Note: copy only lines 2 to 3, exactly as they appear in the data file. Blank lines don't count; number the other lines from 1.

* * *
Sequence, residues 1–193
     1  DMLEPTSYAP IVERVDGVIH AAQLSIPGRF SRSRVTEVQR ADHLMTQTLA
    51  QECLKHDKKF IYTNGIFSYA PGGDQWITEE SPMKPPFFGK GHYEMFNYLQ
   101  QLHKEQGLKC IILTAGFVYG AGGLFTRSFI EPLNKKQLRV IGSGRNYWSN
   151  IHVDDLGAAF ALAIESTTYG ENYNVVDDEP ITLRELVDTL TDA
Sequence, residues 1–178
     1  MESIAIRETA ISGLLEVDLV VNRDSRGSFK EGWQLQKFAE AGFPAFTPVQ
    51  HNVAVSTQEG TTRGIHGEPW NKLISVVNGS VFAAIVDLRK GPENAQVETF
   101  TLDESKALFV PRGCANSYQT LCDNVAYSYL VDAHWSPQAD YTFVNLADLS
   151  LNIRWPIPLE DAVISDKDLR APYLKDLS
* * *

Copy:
     1  DMLEPTSYAP IVERVDGVIH AAQLSIPGRF SRSRVTEVQR ADHLMTQTLA
    51  QECLKHDKKF IYTNGIFSYA PGGDQWITEE SPMKPPFFGK GHYEMFNYLQ